National Instruments, the LabVIEW company, has a new education product that should really make EE lab work in colleges and universities faster and easier. And the students will love it as much as the professors. It is the NI myRIO, a programmable module that lets students build complete systems.
EE labs, if there are any for a course, are usually cobbled together with a mix of hardware and software compiled by the instructor who also develops some lab experiments or projects. The ease of use and effectiveness of the lab assignments vary widely. Yet, it is important to provide some actual, real world hands on learning to give the student some inkling of what it will actually be like on the job.
Labs in early courses focus on circuits and components. These can be implemented with NI’s previous educational products like the ELVIS trainer or the hand held myDAQ. The myDAQ is a complete low cost package that implements virtual instruments through LabVIEW and includes power supplies, signal sources and breadboarding capability with plenty of analog and digital I/Os. NI introduced the myDAQ a few years ago and already hundreds of schools are using it to provide students lab experience. And the students can do the lab work themselves on a laptop with the myDAQ anywhere anytime instead of having to go to a lab at a specific time. What the myDAQ lacked is a way to do advanced digital and programming projects.
As EE education continues to move from a strictly circuit-oriented focus to one featuring more systems, it becomes more difficult to create meaningful lab activities. The new myRIO solves this problem. The myRIO is a spinoff of NI’s popular CompactRIO product, a modular reconfigurable embedded control and data acquisition system. It includes a wide range of I/O modules, a reconfigurable FPGA chassis and an embedded controller. The whole thing is programmed via LabVIEW. You can build almost any possible embedded system. The myRIO crams all of this into a roughly 5.5 by 3.5 inch module.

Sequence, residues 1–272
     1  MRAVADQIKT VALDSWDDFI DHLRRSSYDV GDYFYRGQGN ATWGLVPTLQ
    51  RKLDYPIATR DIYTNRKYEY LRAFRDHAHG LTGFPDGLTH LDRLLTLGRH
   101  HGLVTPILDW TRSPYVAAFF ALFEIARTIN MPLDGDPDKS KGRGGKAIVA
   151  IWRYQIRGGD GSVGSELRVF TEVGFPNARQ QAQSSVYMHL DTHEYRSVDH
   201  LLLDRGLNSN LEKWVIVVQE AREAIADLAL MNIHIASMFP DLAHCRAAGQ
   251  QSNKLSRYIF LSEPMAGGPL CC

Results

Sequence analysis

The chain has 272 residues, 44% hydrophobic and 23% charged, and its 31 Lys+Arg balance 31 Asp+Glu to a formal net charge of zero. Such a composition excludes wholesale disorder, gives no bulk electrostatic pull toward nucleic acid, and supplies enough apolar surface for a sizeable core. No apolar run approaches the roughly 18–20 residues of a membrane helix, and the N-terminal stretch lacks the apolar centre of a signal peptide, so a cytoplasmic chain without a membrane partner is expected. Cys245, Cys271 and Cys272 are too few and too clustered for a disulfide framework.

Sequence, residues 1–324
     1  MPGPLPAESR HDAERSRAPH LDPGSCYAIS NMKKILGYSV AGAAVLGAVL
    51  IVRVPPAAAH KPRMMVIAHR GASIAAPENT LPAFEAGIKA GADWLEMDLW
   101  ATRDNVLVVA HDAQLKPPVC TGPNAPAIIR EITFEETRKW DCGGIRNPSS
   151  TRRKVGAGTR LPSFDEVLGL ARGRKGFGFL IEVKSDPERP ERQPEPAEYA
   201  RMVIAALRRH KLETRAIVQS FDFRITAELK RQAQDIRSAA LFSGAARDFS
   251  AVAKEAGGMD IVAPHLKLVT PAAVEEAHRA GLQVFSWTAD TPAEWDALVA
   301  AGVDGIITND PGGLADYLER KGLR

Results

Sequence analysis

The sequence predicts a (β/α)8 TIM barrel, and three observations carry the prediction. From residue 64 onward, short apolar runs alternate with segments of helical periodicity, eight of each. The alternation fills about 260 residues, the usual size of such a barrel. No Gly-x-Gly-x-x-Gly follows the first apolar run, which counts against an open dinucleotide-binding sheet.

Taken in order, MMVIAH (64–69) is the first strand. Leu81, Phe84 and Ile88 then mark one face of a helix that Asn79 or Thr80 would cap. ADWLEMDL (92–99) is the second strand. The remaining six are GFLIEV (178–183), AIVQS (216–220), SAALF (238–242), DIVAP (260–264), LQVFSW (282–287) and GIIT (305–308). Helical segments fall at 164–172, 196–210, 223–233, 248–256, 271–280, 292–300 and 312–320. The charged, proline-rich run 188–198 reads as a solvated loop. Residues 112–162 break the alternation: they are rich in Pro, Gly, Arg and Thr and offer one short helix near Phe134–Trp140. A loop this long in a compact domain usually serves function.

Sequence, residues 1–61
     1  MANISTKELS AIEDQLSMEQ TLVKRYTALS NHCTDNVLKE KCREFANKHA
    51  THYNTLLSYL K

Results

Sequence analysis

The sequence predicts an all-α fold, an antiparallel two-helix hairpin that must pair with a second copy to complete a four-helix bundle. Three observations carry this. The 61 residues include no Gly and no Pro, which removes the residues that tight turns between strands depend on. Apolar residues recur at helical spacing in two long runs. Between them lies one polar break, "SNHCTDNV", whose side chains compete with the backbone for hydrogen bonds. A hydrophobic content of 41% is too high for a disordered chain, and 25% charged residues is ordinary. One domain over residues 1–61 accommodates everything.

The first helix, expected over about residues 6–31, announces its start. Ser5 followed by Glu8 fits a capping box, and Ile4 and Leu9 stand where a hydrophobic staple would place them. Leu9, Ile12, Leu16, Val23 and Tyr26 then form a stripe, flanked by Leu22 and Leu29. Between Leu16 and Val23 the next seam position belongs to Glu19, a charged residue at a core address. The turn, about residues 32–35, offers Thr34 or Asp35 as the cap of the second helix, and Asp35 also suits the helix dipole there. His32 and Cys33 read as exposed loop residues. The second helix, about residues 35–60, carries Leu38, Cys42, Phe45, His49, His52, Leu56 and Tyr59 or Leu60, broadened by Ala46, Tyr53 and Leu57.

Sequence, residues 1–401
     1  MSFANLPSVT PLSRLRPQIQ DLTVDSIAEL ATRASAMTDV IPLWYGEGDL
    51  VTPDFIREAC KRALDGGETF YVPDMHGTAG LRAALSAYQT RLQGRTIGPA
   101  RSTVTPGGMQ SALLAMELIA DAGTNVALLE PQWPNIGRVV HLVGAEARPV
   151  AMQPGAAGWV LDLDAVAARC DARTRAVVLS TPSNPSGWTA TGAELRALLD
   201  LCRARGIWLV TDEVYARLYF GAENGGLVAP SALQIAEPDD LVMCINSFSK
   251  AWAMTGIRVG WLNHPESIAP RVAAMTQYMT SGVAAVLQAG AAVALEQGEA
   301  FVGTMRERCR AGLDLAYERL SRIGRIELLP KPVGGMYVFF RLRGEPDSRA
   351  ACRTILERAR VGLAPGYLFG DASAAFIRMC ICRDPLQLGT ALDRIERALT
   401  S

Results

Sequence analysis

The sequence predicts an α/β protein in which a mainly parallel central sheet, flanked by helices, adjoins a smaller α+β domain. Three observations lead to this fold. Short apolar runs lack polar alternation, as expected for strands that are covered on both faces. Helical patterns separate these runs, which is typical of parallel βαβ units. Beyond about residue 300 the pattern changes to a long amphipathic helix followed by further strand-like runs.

The heart of the myRIO is a Xilinx Zynq which includes a 32-bit dual-core ARM Cortex A9 processor and an FPGA with 28,000 programmable logic cells. The memory is 256MB of flash and 512MB DRAM. It has multiple analog I/O connections including one for a 12-bit ADC as well as audio input and output. Also present are multiple digital I/O lines including GPIO, UART, PWM, SPI and I2C. The unit connects to a host computer via a USB 3.0 port or by 802.11g/n Wi-Fi. Power is by an AC/DC power supply but it will also run from 8 AA cells making it suitable for portable applications. The Wi-Fi is a blessing in portable uses. A unique feature is a 3-axis accelerometer. All programming is with LabVIEW; however, you can program the embedded controller in C/C++. The myRIO also has a screw terminal connector with external connections similar to that on the myDAQ. This lets you connect to an external breadboard and NI’s mini-systems, small applications.
While the myRIO is useful in many EE courses, it can also be used in mechanical engineering and other non-EE courses. Examples included data acquisition with sensors, controls, mechatronics, embedded systems and senior/graduate projects. The device and LabVIEW are easy to learn so the learning curve is short.
The myRIO is a cool device. And the good news is that students can buy it for only $250. And that includes LabVIEW. That is a lot of hardware and software for the money. Some related course materials are available for download now but I suspect lots more will be forthcoming as professors and students begin to use this versatile product. I’m looking forward to getting one myself to play with. Take a look at www.ni.com/myrio.